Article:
A few years ago, on “club picture day”, my good friend and colleague stood with me and the students in the after-school club that we jointly moderate to take our photo for the yearbook. Weeks later, the photos arrived and we were each given our copy. Later that day, when we were looking at the photo together, I truthfully remarked to my friend, “I’ll never wear that outfit again!” Her reply: “Me either, it’s going right in the Good Will bag when I get home!”
The morning of that photo, we reflected that we had each dressed with care, knowing we would be in several photos that day, documented for all eternity in the school yearbook, gazed at lovingly by our students for generations to come with fond remembrances of their time with us in our after-school clubs. (Okay, perhaps that is a bit of an exaggeration.)
The “truth” is that on that morning when we dressed for school and the photos, we thought we looked good. We felt good in those outfits; we felt as though we looked our best. The reality is that when I looked at the photograph I was appalled at how I looked. I didn’t look anything like I thought I did in that outfit; and certainly, I didn’t look anything like I felt in that outfit. I knew that I would never feel good in that outfit again after seeing that photo.
We learn about the truth in John’s Gospel. “If you remain in my word, you will truly be my disciples, and you will know the truth, and the truth will set you free” (Jn 8:31-32). So, does the truth set you free? Does seeing a photograph of yourself in an unflattering outfit set you free? Is it the photo that is unflattering or is it the outfit? Or, more disconcerting, is it that you really look that way that is the most troublesome?
Recently on the popular TV show Shark Tank, the sharks were pitched on a new product called The Skinny Mirror. This is a mirror that has been designed to make you appear as flattering as possible. The theory behind this, as presented by its founder Belinda Jasmine, is that some mirrors are distorted in a way that make you look heavier and shorter, while others give us a more true representation of our image. She found an old mirror in the attic and used it for three years before coming to the reality that it was affecting her self-image. She discovered that she looked better in some other mirrors than how she looked in her own mirror at home. So, after some research and development, she came up with The Skinny Mirror, a mirror that will send you off looking your best each day, or at least it will make you feel as though you look your best. Things were going well and it appeared as though one of the sharks was going to bite; Shark Lori Greiner even came up and took a turn in front of the display model. But, then things turned murky. Jasmine disclosed that some of her sales were to retailers. Wait, what? Retailers were installing The Skinny Mirror in dressing rooms so we would look better in their clothes and buy them thinking we looked great? Were retailers trying to unduly influence their customers? This didn’t sit well with the sharks and they all passed on the deal.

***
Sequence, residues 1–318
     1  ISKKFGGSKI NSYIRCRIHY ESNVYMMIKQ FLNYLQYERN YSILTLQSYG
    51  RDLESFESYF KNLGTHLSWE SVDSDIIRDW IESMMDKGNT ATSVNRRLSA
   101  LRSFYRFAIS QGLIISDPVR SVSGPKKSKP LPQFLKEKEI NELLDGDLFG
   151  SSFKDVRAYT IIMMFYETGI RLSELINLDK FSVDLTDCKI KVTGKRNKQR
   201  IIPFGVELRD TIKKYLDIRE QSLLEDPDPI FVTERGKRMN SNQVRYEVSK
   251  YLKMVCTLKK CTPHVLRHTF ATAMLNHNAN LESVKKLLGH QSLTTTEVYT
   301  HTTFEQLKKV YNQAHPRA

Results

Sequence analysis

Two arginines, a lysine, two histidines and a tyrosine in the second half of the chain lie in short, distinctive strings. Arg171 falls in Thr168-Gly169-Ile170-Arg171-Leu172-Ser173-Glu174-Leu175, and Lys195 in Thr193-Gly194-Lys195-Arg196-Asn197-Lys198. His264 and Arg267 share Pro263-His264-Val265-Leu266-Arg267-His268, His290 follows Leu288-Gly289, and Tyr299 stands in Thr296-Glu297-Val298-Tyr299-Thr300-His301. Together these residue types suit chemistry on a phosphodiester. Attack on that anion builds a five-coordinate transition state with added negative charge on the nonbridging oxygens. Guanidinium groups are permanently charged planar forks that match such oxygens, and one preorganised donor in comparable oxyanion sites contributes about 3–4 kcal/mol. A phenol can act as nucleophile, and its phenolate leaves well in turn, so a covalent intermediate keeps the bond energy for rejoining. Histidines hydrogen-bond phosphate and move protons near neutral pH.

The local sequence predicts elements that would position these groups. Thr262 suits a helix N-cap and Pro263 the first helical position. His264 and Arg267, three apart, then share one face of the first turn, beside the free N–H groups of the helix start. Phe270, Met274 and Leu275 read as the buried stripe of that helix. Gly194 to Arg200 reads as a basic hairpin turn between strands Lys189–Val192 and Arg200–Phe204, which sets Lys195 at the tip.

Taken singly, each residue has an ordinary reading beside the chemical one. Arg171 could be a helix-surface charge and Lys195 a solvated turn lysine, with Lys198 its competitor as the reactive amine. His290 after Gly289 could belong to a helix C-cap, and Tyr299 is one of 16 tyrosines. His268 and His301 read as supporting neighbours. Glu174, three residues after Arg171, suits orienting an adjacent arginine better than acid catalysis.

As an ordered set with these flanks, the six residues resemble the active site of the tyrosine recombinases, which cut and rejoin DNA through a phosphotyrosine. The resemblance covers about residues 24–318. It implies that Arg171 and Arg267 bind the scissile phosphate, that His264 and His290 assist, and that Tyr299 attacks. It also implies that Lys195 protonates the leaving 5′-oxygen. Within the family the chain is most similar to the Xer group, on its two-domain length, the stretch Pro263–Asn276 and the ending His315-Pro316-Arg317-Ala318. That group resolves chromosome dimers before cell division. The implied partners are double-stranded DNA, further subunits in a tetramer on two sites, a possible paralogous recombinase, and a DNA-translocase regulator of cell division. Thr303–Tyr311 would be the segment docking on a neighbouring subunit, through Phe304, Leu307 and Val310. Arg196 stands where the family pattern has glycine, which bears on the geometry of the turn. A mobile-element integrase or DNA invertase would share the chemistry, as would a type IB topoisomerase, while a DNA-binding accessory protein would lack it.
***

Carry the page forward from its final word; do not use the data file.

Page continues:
Is it just how we look or is it how we sound as well? I am a lector at Mass, which means I read a passage of scripture during the part of the Mass known as the Liturgy of the Word. I have a degree in speech, something that my father always joked about, “You knew how to talk when you went to college, why did you need to get a degree in it?” I take this job seriously. I study the scripture before Mass and read it silently several times. Then I read it out loud several times. I listen to the audio recording of the same scripture reading which is posted on the USCCB website. I am fully prepared for performing this ministry when I go to church. I dress modestly, being careful not to wear too much jewelry or anything flashy so as not to distract the congregation from the Word of the Lord. Recently, a student gave me a CD with a recording of last year’s school play, which included my “welcome” speech before the curtain goes up. I was shocked at the sound of my voice. This is not how I thought I sounded. Sure, I’ve heard my voice on a recording before, on my voice mail message or in home movies, but I wasn’t doing “public speaking”, giving a speech before an audience. Do I really sound like that when I am reading scripture at Mass?